A couple of weeks ago, the New England Patriots lost their second game in a row to drop to 5-3. The season seemed to be getting away from coach Bill Belichick. The much maligned defense, the worst ranked in the NFL, looked to be on the verge of getting even worse. Veteran cornerback Leigh Bodden was released. Controversial offseason addition Albert Haynesworth would be released prior to the Week 10 matchup with the New York Jets.
The Jets game would see the stalwarts of a dilapidated secondary, Devin McCourty and Patrick Chung, get injured. Inside linebacker Brandon Spikes, who was having a resurgent season, was also sidelined. The Patriots secondary consisted of a bunch of undrafted free agents named Kyle Arrington, James Ihedigbo, Sergio Brown, and Sterling Moore. Castoffs Philip Adams and Antwaun Molden also played large roles. Things were so bad that Belichick would need to use wide receiver Julian Edelman as a defensive back in the coming weeks. It was a far cry from the days of Ty Law, Asante Samuel, and Lawyer Milloy.
The season seemed lost. Step in, or should I say, step UP, Mr. Andre Carter. Fans and media chose to focus on the offseason acquisitions of Chad Ochocinco, Haynesworth, and, to a lesser extent, Shaun Ellis. But the biggest signings have been Carter, along with offensive lineman Brian Waters. Carter, a former first round draft pick (7th overall in 2001), has proven how a good pass rush can make a bad secondary look acceptable.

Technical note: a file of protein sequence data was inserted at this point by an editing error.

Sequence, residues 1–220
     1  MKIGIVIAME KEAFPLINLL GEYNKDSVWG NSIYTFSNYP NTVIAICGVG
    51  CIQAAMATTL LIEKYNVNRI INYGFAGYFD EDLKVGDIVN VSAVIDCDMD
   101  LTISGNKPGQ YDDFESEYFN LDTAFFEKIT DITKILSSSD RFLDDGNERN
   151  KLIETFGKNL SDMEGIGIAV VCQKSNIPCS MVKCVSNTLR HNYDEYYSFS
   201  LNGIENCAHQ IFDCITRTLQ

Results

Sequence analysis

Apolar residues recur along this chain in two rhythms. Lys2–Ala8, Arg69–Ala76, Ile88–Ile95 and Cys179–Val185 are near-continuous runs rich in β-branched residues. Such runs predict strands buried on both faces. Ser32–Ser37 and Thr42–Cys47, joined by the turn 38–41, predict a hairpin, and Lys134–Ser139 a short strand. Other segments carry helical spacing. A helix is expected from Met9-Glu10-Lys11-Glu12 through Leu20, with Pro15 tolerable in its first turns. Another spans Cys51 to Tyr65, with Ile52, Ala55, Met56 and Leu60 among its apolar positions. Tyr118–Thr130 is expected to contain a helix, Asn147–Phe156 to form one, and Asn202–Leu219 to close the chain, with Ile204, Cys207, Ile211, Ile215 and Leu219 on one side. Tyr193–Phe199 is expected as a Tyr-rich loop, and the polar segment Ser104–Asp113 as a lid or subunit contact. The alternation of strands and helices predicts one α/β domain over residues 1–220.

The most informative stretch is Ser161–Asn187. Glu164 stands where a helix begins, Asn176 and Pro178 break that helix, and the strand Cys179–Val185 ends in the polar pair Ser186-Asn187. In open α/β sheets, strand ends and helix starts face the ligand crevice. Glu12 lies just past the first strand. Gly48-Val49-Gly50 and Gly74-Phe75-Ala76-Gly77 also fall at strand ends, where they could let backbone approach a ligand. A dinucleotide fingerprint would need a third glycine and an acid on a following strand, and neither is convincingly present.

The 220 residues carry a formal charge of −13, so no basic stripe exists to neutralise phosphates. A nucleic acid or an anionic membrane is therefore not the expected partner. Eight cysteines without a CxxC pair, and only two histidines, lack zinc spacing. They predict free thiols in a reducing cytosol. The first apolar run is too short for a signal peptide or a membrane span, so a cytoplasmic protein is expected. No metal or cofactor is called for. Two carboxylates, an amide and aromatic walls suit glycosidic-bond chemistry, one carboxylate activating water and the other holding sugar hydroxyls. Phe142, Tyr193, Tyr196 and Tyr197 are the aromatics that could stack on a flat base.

Carter leads the Patriots with nine sacks this year- tied for 6th in the NFL. Remarkably, the 32-year-old defensive end has 8.5 sacks in the last five games, including a franchise record four in one game against the Jets.
Carter, along with fellow defensive end Mark Anderson (5 sacks), have provided the Patriots with a pass rush not seen around these parts since the days of Vrabel and McGinnest. Kyle Arrington’s NFL-leading seven interceptions can be directly correlated to the pass rush.
Suddenly it looks like any hopes the Patriots may have of winning the Super Bowl this year lie with Andre Carter. What Tom Brady is to the offense is now what Andre Carter is to the defense. Prior to the season, I would have said Vince Wilfork, McCourty, or Jerod Mayo were the indispensable ones on defense. But the Patriots have now played, and won, games without Mayo and McCourty. The Patriots cannot afford to lose Andre Carter.
It is also notable to mention the improved play of defensive linemen Kyle Love, Gerard Warren (who was cut by Belichick prior to the season), and Brandon Deaderick.